In the subsequent stage of processing shown in FIG. 6, a photo-imageable masking layer 147 is deposited to overlie the existing passivation layer 120 and patterned by photolithography to form a pattern having openings which expose the passivation layer 120. Typically, the photo-imageable masking layer 147 consists essentially of photoresist (“PR”), although it can include an anti-reflective coating (“ARC”), bottom anti-reflective coating (“BARC”) or other photo-imageable material as an alternative to PR or in addition thereto. Thereafter, an anisotropic vertical etch process such as a reactive ion etch process which etches silicon dioxide and silicon nitride is used to extend the openings 116 downward successively through the passivation layer 120, dielectric cap layer 118, ILD layer 114 b, dielectric cap layer 126 e, another ILD layer 114 a and another dielectric cap layer 126 e. The dielectric cap layers 126 d and 126 e preferably include or consist essentially of silicon nitride. Alternatively, these dielectric cap layers 126 d and 126 e can consist essentially of the same material as dielectric cap layers 126 a, 126 b and 126, for example, silicon carbide (SiC). As the etch process typically is performed on a timed basis, over-etching is preferably performed such that the openings extend at least somewhat into an uppermost organic ILD layer 124 c.
Thereafter, as illustrated in a FIG. 7, the masking layer 147 is stripped from the structure, after which a material is conformally deposited to form preferably thin linings 138 along walls of the openings 116. Preferably, the material is one which resists attack by an etchant which is used subsequently to hollow out the inorganic ILD layers 124 a, 124 b, and 124 c to form an air gap. The deposited material 138 can consist essentially of silicon nitride, for example.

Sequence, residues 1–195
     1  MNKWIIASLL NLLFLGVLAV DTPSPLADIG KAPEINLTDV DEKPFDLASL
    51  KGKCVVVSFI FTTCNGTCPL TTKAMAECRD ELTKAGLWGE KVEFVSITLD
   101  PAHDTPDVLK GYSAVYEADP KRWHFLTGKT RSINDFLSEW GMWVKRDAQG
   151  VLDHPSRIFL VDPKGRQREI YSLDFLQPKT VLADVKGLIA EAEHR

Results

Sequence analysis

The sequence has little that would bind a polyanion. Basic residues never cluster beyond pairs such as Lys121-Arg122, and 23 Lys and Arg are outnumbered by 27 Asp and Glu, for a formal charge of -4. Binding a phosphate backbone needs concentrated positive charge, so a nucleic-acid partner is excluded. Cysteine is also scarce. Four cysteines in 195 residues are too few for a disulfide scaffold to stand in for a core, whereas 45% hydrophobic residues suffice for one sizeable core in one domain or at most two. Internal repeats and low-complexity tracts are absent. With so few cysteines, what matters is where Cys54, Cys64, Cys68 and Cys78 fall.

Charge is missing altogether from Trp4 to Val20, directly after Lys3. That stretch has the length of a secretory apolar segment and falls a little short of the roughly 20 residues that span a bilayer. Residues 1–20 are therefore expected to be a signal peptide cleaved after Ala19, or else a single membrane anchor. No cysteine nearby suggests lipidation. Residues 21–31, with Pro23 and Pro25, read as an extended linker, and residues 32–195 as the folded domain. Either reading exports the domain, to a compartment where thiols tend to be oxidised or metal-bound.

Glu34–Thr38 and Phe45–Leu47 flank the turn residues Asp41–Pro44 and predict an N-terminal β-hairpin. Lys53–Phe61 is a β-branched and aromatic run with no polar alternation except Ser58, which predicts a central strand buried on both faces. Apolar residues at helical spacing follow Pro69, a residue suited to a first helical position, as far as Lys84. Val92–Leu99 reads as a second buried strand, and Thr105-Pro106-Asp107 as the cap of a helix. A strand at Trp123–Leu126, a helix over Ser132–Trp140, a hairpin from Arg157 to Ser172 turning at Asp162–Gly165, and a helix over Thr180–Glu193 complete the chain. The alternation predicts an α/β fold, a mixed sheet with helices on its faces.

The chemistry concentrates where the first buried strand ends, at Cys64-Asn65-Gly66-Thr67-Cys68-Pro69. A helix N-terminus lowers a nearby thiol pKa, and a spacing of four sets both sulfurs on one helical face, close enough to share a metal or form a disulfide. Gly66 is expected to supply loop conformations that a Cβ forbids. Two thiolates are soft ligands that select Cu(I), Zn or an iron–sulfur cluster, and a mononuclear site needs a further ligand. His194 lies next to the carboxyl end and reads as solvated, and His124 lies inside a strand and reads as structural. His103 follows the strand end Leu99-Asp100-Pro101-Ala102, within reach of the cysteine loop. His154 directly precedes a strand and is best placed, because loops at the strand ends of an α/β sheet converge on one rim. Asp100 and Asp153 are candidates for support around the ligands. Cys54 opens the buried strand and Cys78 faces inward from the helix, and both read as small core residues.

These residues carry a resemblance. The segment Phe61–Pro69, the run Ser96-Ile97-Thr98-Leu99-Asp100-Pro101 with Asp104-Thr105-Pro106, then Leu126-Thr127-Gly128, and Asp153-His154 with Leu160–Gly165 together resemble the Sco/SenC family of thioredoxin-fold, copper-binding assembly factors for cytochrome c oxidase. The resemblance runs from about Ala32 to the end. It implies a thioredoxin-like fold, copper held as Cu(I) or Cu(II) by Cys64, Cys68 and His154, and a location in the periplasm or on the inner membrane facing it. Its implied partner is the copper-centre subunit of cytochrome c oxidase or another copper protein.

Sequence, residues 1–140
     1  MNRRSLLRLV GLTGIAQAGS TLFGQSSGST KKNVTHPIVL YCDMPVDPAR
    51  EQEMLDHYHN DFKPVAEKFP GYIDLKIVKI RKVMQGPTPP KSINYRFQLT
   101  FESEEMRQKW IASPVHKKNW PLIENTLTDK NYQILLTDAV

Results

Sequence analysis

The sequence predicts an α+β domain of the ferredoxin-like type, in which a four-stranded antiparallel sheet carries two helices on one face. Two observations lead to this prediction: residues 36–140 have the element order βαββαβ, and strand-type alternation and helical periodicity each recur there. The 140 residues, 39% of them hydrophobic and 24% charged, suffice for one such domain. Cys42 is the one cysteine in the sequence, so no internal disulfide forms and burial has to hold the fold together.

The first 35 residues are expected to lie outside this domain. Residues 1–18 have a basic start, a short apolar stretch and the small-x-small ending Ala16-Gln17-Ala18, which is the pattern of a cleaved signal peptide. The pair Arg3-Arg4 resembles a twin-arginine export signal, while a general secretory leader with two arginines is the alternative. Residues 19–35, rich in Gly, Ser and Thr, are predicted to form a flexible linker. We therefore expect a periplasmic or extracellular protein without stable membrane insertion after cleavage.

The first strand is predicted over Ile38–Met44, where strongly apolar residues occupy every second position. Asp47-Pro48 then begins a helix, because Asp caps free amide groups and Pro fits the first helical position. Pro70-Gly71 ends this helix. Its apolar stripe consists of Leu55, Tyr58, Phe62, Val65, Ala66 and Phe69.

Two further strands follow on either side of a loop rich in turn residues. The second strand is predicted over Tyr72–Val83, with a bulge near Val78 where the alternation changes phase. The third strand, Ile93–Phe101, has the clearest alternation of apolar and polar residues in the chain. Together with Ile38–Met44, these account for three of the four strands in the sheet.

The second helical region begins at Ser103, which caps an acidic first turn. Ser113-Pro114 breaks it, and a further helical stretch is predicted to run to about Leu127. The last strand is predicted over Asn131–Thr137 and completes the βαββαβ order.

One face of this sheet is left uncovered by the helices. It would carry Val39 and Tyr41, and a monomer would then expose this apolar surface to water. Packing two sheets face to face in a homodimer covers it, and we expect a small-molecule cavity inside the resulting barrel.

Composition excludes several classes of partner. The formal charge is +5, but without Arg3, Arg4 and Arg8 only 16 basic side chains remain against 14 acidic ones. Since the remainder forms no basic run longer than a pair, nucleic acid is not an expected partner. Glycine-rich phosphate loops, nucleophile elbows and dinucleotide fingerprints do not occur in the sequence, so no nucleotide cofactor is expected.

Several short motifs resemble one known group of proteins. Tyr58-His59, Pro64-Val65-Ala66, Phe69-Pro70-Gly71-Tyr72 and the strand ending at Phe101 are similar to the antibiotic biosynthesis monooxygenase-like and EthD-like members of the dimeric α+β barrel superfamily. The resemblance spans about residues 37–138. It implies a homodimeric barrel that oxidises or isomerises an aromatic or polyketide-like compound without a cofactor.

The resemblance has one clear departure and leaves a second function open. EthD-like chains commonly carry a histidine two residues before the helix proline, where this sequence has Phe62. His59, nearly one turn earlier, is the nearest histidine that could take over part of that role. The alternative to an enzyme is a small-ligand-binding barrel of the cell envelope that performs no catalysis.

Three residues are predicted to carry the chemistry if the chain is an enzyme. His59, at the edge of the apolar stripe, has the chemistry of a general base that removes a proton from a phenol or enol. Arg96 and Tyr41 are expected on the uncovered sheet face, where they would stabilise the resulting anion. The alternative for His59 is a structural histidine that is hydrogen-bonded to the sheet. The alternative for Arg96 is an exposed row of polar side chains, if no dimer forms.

Next, as illustrated in FIG. 8, an etchant is introduced through the lined openings. The etchant isotropically etches the low-K ILD layers 124 a, 124 b and 124 c and the dielectric cap layers 126 b and 126 c disposed between them. Using the etchant, these layers are etched isotropically at a sufficient rate and time to form a hollowed out region 122 therein. During this etch process, the linings 138 along walls of the openings 116 protect the dielectric cap layers 126 d and 126 e from harm by the etchant and prevent the openings 116 from widening. A cleaning process is then applied to clear the hollowed out region 122 of material to form the air gap 122. A passivation layer 121 (FIG. 3B) including a dielectric material such as silicon dioxide or silicon nitride, preferably then is deposited into the openings 116 to form plugs 130 which pinch off the openings to prevent fluids (moisture, gases, liquids, etc.) or other contaminants from entering the air gap 122. The material and the process by which it is deposited are selected such that the openings 116 become completely pinched off to seal the openings 116 without significantly shrinking the volume of the air gap 122.